- Give each other reassurance that it is good you are talking about things, or just talking more in general, and that practicing healthy communication, as hard as it might feel, will ultimately benefit your relationship.
Ways to have better conversations with your kids
Talking with your kids is a completely different ball game, and the way you speak with them will depend on their age and development. With young kids, it is often matter of wording things in a way they can understand truly and making them feel safe, with patience.
With older kids and teens, it might involve trying new ways to reach out to gain a better understanding and relationship.
Trying to communicate with your kids might feel frustrating at times, so here are some techniques to try:
Tips for better communication with young kids:
- Keep it simple. Young children take things very literally, so being direct and clear with what you mean is key.
- Use eye contact and be honest. It is difficult sometimes to know how to sugar coat things or not upset young children, living in a world where children are exposed to things younger and younger, but giving them honesty and making them feel listened will encourage them to come to you again about things.
- Have conversations with your kids, whatever age, about things you think they should know. This could be conversations to protect them, as it is best that these things are learnt from you, a safe source, such as teaching them about personal space and who can and can’t touch you ‘you must tell Mummy and Daddy if an adult who isn’t us touches you, because they aren’t allowed to’. They learn predominantly from you what is and isn’t okay in human behaviour and interaction.
- Reassure them, tell your kids ‘Daddy loves you. You are safe.’ This allows them to open up to you.
- Ask them about what they already know to get to know them / fill in gaps for them.
Here is a good read for conversations with all different age groups: https://www.commonsensemedia.org/blog/how-to-talk-to-kids-about-difficult-subjects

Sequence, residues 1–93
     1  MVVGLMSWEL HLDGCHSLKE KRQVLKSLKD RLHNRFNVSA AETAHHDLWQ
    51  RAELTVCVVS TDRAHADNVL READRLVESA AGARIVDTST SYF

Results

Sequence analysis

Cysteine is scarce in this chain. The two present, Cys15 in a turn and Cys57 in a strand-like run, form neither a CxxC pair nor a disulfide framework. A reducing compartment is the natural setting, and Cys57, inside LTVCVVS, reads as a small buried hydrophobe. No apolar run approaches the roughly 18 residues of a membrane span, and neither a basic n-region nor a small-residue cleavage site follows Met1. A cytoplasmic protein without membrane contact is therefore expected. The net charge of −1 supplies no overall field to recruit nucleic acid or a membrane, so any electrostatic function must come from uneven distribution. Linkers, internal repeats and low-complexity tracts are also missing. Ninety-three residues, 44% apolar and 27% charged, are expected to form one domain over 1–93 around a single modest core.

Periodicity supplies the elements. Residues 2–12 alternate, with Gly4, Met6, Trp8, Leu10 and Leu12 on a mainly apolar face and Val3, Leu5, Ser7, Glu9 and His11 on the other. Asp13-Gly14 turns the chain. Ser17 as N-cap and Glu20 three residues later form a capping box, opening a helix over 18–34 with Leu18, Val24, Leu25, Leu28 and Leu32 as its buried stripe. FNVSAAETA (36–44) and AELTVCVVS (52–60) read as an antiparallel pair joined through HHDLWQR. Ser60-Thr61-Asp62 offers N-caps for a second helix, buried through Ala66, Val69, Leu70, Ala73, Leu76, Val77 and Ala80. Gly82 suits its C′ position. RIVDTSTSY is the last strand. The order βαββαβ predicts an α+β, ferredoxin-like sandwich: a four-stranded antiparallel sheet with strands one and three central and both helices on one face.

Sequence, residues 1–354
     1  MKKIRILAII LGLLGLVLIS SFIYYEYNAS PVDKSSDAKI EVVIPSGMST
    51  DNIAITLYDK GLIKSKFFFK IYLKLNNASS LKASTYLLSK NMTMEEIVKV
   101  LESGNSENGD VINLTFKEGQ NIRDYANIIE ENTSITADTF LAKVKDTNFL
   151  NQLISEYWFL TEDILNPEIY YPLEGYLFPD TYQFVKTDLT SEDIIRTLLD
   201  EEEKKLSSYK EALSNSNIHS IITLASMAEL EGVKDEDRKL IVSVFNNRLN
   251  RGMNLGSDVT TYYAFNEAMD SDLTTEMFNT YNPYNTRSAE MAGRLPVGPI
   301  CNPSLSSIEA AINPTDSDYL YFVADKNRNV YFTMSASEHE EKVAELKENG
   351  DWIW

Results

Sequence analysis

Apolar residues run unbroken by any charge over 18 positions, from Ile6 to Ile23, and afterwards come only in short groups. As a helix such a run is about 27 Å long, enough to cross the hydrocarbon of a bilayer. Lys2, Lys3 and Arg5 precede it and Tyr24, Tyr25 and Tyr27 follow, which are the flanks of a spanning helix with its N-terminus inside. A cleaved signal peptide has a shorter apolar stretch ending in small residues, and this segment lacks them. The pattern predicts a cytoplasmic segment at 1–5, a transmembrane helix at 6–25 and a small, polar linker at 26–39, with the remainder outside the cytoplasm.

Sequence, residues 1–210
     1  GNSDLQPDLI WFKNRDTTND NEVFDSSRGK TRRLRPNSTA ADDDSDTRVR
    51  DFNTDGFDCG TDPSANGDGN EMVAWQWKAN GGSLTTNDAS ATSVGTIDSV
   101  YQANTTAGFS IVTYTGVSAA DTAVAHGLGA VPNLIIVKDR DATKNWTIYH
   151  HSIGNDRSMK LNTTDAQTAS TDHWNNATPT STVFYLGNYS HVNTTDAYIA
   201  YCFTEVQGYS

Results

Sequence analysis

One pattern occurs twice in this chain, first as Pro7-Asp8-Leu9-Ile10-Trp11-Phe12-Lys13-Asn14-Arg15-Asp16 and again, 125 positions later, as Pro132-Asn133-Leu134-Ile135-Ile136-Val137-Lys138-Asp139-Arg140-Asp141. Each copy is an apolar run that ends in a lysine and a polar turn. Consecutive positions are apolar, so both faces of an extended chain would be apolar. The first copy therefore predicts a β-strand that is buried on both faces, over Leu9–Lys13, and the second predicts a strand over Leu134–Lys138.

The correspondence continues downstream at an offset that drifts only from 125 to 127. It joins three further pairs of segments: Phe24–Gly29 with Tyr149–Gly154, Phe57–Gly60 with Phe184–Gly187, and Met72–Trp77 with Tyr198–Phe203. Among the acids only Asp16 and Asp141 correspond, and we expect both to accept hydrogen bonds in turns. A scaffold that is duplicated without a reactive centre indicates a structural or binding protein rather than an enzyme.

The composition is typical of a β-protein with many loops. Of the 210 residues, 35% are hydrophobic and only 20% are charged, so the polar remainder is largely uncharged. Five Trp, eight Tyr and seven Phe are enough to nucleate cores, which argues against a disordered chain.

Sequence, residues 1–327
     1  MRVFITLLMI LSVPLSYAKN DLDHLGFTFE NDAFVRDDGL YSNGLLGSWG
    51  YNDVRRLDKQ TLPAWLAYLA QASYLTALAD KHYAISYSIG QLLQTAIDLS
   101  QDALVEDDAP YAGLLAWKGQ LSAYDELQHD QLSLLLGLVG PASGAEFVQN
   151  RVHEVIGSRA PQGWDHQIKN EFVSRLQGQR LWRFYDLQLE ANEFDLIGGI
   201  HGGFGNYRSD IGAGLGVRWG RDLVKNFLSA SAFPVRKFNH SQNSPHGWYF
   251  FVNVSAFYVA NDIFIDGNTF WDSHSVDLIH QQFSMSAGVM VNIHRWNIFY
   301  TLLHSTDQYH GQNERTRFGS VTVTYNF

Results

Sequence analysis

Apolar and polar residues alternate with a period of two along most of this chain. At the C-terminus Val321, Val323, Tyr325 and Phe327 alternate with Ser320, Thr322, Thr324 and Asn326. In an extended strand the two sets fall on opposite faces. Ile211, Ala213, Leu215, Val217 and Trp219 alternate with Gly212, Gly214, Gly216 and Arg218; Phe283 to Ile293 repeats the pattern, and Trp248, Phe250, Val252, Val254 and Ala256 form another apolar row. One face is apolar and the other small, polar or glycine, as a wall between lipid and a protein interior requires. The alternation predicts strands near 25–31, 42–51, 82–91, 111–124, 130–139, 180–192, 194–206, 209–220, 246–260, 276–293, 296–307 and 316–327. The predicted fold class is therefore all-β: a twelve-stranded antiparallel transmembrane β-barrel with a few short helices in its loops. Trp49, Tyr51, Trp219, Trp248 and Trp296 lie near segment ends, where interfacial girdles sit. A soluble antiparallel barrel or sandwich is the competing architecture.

Tips for better communication with older kids and teens:
- Teens are tricky to communicate with, that’s a fact. We’ve all been there! To try and open dialogue, encourage them to talk by letting them know you want to hear their side and opinions. This leaves the door open for them if they need to come to you for a problem, or just a chat!
- Ask them about their lives, and interests, and offer them advice. Let them know your values so that they can learn them from you, such as treating others with respect and kindness, and how you would go about this in their situations. Try not to force it upon them, be gentle and let them know you care.
- This is a hard one! Try to be patient and understanding of outbursts. Telling your moody teenagers that their hormones are flaring up probably won’t calm them down, but it can often explain a random mood swing. Let them know you’re here to talk when they have cooled off. Don’t take it personally.
- Encourage their growth and small achievements such as helping with housework or creating something, as teens and older children still need that encouragement and validation.
- In balance of patience and kindness, you should be straight forward and stand your ground with teens too. Stick to your rules and encourage good behaviour. If they know that lenience will come alongside their cooperation and good behaviour, they are more likely to be more conscious about how they are acting. If you let them bully you into being lenient, they will continue to seek it this way (it is easier for them to be angry and not earn lenience and rewards- teens can be lazy if you didn’t know!)
Further reading from the Dads In Business archive.